Not the best picture but wind 35 knots.


We anchored at the southern part of the mouth of the Delaware bay, most anchor at Cape May, but our draft makes it difficult to find a good spot, we had been advised to anchor at Cape Henlopen instead, not the most beautiful place but OK to wait for the tide to turn in the right direction for going up the bay. We were rather tiered when we arrived because both of us had been up all night as the weather was unstable, we were greeted by some dolphins very nice indeed, less nice was that the anchor chain had made a knot by itself so impossible to get out of the anchor box.

Luckily, we have installed an inspection hatch in the bow locker, but it has to be emptied before it could be open, not what you want to do after a long overnight trip.

Then it is rather easy to get access and untie the knot, the chain is rather dirty after being in muddy waters so good we do not need to use the inspection hatch that are available from the inside of the boat.


Now we are in Annapolis, plan to stay for a while to work on the boat. I did a lot of work on Kerpa before we started the trip and I found it sometimes rather fun and rewarding to work on Kerpa, so my ambition was to continue to do some minor improvements and maintenance during the trip, but as soon as we cast off, all the good ideas, lust and ambitions vanished totally. I can’t understand why the threshold to start even the most minor jobs feels enormous.  A few things have broken and urgently needed to be fixed, but I have not found the energy for it, in my mind a saw several days of uncomfortable work in awkward positions so it has been postponed, intill yesterday when I started. The bilge bump was leaking I had winterized everything except the bilge pump which I forgot, with the result it is now leaking, but luckily it is the easiest thing to fix so it could have been worse, glad I did not forgot to winterize the water maker.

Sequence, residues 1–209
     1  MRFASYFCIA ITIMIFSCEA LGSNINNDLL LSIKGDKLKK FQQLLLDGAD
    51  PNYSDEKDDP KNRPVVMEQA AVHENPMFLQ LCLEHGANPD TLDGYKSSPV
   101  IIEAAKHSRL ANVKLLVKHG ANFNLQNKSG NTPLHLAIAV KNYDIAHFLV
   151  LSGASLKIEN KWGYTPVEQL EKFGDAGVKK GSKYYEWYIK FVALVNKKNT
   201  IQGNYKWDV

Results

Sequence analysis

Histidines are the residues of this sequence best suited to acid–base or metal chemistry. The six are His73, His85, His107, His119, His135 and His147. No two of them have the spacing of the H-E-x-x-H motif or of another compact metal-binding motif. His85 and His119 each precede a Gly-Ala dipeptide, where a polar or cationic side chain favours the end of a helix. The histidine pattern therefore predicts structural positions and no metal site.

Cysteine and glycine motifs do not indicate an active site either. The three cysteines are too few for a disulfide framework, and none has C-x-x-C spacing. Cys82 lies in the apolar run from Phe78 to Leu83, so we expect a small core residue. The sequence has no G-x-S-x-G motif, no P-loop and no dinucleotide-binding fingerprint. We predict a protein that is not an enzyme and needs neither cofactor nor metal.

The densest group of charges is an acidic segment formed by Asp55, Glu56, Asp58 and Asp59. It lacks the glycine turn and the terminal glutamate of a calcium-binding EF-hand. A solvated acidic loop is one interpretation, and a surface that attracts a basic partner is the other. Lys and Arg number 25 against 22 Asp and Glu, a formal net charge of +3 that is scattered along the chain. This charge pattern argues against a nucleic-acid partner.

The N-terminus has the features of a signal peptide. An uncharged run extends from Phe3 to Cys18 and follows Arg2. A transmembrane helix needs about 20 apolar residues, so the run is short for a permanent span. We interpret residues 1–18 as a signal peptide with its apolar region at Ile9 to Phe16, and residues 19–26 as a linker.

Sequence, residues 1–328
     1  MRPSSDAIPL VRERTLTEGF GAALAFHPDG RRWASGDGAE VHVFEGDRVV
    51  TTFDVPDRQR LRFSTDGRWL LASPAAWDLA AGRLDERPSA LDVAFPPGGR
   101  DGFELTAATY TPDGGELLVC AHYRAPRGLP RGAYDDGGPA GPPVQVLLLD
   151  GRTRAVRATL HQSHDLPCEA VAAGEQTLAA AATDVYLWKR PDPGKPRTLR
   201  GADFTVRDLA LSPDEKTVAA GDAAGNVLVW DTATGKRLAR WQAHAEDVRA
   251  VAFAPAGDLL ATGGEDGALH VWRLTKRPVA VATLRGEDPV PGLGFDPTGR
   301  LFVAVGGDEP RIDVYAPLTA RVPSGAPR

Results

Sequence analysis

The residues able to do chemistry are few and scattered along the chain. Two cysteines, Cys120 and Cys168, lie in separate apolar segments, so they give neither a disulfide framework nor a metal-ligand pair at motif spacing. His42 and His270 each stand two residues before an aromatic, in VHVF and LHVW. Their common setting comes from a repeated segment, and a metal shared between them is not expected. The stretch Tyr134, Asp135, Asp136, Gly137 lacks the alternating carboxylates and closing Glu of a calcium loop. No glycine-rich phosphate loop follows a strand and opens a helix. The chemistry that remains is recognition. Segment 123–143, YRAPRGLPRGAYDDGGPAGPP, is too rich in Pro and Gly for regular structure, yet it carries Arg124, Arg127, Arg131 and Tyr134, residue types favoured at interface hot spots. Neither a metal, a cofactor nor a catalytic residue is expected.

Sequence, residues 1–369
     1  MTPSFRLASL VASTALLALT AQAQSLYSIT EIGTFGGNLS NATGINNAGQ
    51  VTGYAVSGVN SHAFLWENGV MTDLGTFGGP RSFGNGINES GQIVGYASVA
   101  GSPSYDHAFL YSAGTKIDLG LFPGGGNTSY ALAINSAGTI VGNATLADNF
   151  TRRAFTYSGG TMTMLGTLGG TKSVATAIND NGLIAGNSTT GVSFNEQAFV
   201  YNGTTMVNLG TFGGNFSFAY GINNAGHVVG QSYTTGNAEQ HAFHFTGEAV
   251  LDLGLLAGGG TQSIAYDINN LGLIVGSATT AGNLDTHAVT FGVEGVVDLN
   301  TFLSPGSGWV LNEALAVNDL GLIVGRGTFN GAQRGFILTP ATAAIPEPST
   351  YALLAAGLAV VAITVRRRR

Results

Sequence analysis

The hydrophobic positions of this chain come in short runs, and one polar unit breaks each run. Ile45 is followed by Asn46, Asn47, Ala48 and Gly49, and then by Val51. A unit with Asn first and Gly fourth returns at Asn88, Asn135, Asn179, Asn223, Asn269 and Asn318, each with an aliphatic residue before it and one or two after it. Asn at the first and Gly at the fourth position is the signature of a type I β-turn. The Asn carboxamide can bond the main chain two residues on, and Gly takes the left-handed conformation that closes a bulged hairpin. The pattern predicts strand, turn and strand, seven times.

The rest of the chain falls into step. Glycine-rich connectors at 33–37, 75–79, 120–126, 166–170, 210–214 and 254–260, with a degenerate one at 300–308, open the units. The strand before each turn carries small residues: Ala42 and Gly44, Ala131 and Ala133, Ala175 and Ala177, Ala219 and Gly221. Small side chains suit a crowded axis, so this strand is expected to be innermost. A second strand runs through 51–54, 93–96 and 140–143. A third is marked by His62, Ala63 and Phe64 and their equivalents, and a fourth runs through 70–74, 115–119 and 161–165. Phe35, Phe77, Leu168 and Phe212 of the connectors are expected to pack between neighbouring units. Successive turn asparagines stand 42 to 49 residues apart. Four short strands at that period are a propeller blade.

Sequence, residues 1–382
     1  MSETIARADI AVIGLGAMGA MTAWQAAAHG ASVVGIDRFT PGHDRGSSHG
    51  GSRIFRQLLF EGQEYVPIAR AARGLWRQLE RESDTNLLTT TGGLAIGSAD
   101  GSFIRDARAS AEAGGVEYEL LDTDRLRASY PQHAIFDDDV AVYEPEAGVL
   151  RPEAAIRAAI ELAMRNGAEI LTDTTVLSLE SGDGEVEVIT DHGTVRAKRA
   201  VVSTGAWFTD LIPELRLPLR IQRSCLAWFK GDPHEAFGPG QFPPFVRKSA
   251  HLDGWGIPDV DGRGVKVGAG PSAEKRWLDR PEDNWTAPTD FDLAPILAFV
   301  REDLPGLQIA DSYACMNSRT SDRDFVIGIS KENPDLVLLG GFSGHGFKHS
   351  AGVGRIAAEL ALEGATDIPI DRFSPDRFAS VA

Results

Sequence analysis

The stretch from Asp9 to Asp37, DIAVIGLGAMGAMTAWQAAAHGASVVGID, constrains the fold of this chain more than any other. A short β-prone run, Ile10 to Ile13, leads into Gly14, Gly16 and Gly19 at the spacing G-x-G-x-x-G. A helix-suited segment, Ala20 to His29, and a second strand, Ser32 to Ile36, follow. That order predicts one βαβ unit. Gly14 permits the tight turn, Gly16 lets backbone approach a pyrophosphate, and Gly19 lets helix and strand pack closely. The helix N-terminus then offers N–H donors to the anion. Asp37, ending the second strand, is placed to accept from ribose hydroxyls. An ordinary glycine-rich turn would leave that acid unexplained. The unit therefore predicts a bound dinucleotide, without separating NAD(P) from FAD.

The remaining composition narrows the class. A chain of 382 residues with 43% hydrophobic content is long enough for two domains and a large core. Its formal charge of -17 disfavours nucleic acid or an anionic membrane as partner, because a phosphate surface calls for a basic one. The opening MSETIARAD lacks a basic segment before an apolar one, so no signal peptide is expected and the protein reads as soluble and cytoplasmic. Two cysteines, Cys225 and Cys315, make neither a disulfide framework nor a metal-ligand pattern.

Well yesterday I fixed it, it took maybe an hour. And it was not that bad at all to work so I did

The exhaust elbow on the diesel generator as well, as it started to be clogged, a rather dirty job, the worst part is to clear the clogged part on the motor block. It does not look that bad but if not cleaned the exhaust leaves very black stains on the hull. Well both job was done before lunch (but a late lunch).

I’m not the only one who loses the energy to work, Kerstin who do the cooking every day and more or less always from pure raw materials no half made starts, she lost the energy and served this for dinner

Ready barbequed chicken, Chips, Guacamole, cheese etc, she threw in some carrots as well to make it more nutritional correct.

But the next day back to normal this time and very old classic Swedish dish from the late 1960’s

Boiled chicken in curry sauce, brought out some nice childhood memories.

We have bought a new toy, I claim it is for when our kids visiting us, but I have wanted a SUP for a while and there was a sale on defender.com so we just had to try one it looked good so, a second is already ordered, soon we can paddle around both of us. It is less difficult than I thought but I do fall into the water now and then.

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Maine part 2